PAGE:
Army Restricts Soldier Bloggers: Can Face Court Martials

Army Squeezes Soldier Blogs, Maybe to Death

Lt. Adam Tiffen (Left), Author of Military Blog, The Replacements 

First Lt. Jeffrey D. Barnett: Award Winning Iraq Soldier-Blogger

At the same time as the issue of internet freedom erupted in the Digg censoring incident, Wired Magazine has revealed that the U.S. Army has ordered soldiers to stop posting to blogs or sending personal e-mal messages without prior approval.

From today’s issue of Wired Magazine:

“The U.S. Army has ordered soldiers to stop posting to blogs or sending personal e-mail messages, without first clearing the content with a superior officer, Wired News has learned. The directive, issued April 19, is the sharpest restriction on troops’ online activities since the start of the Iraq war. And it could mean the end of military blogs, observers say.

Military officials have been wrestling for years with how to handle troops who publish blogs. Officers have weighed the need for wartime discretion against the opportunities for the public to personally connect with some of the most effective advocates for the operations in Afghanistan and Iraq — the troops themselves. The secret-keepers have generally won the argument, and the once-permissive atmosphere has slowly grown more tightly regulated. Soldier-bloggers have dropped offline as a result.

The new rules (.pdf) obtained by Wired News require a commander be consulted before every blog update.

“This is the final nail in the coffin for combat blogging,” said retired paratrooper Matthew Burden, editor of The Blog of War anthology. “No more military bloggers writing about their experiences in the combat zone. This is the best PR the military has — it’s most honest voice out of the war zone. And it’s being silenced.”

Army Regulation 530–1: Operations Security (OPSEC) (.pdf) restricts more than just blogs, however. Previous editions of the rules asked Army personnel to “consult with their immediate supervisor” before posting a document “that might contain sensitive and/or critical information in a public forum.” The new version, in contrast, requires “an OPSEC review prior to publishing” anything — from “web log (blog) postings” to comments on internet message boards, from resumes to letters home.

Failure to do so, the document adds, could result in a court-martial, or “administrative, disciplinary, contractual, or criminal action.”

You can read more here: Link.

The Electronic Frontier Foundation (EFF) had filed a lawsuit against the Department of Defense in February, “demanding expedited information on how the Army monitors soldiers’ blogs,” according to an announcement from the digital rights group. Here is a PDF copy of the EFF complaint about the Army Web Risk Assessment Cell: Link. Noah Shachtman at Defensetech has been diligently covering this story, long before anyone else was aware of it. He provides more on this legal battle here: Link.

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Digg Caves in to User Protest: Risks Company to Support Web 2.0 Freedom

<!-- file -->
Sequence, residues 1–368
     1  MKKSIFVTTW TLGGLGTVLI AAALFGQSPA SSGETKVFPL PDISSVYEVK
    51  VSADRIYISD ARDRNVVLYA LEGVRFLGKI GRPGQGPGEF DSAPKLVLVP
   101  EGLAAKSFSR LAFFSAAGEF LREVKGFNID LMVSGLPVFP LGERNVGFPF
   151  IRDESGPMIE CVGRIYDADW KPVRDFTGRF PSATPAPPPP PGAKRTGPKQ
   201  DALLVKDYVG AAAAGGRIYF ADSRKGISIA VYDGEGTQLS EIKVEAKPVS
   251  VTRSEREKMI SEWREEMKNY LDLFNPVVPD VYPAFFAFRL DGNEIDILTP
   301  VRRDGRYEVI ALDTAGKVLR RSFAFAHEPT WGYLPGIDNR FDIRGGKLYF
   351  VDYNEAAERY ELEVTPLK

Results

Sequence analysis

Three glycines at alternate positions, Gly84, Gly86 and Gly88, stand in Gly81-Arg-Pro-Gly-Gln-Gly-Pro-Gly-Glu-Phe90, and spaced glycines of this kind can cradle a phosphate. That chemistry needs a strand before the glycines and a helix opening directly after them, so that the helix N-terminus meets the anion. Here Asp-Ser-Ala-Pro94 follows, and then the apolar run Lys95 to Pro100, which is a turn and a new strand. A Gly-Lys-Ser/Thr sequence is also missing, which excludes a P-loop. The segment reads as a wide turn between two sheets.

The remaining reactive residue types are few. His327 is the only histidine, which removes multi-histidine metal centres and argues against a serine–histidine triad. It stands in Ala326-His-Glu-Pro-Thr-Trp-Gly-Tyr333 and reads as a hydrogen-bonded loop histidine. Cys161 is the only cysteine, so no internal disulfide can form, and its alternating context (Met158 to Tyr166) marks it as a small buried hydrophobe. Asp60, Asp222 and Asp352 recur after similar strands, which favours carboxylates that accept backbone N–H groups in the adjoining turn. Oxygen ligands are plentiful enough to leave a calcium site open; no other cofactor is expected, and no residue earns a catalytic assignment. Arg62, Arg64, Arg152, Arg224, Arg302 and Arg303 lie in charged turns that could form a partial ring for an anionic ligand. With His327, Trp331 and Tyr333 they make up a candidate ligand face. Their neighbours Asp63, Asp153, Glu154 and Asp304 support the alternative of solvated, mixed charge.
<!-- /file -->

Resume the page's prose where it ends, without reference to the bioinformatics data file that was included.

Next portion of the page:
HD-DVD Code Now Immortalized in Music: Official Statement

What’s Happening with HD-DVD Stories?
Kevin Rose
Digg This: 09-f9-11-02-9d-74-e3-5b-d8-41-56-c5-63-56-88-c0
by Kevin Rose at 9pm, May 1st, 2007 in Digg Website

Today was an insane day. And as the founder of Digg, I just wanted to post my thoughts…

In building and shaping the site I’ve always tried to stay as hands on as possible. We’ve always given site moderation (digging/burying) power to the community. Occasionally we step in to remove stories that violate our terms of use (eg. linking to pornography, illegal downloads, racial hate sites, etc.). So today was a difficult day for us. We had to decide whether to remove stories containing a single code based on a cease and desist declaration. We had to make a call, and in our desire to avoid a scenario where Digg would be interrupted or shut down, we decided to comply and remove the stories with the code.

But now, after seeing hundreds of stories and reading thousands of comments, you’ve made it clear. You’d rather see Digg go down fighting than bow down to a bigger company. We hear you, and effective immediately we won’t delete stories or comments containing the code and will deal with whatever the consequences might be.

If we lose, then what the hell, at least we died trying.

Digg on,

digg this story

Digg is among the most prominent of hundreds of websites that rely on users to provide content, which attracts audiences and advertising revenue. Similarly designed sites include YouTube, the user-generated video company that was bought by Google last year for $1.65bn.

When justifying its initial action that censored posts containing the copyrighted security code, Digg had said that, to survive, it had to respect demands of the intellectual property holders. Jay Adelson, co-founder and chief executive of Digg, said it had not consulted with its investors, which include Pierre Omidyar, an Ebay founder, and Greylock Partners, a Silicon Valley venture capital group, about the about-face change announced by Kevin Rose.

Investors in Digg have really empowered management to make those sorts of decisions,” he said. “We understand there is a risk of a suit that’s out there but…there is a pretty strong argument that this information is in the public domain. At this point what we’re going to do is get back to work, get back to democratising media and empowering our users,” he stated.

The corporate founders of AACS, the group backing the secority code, include Microsoft, Intel, IBM and Walt Disney. So far, they have declined comment.

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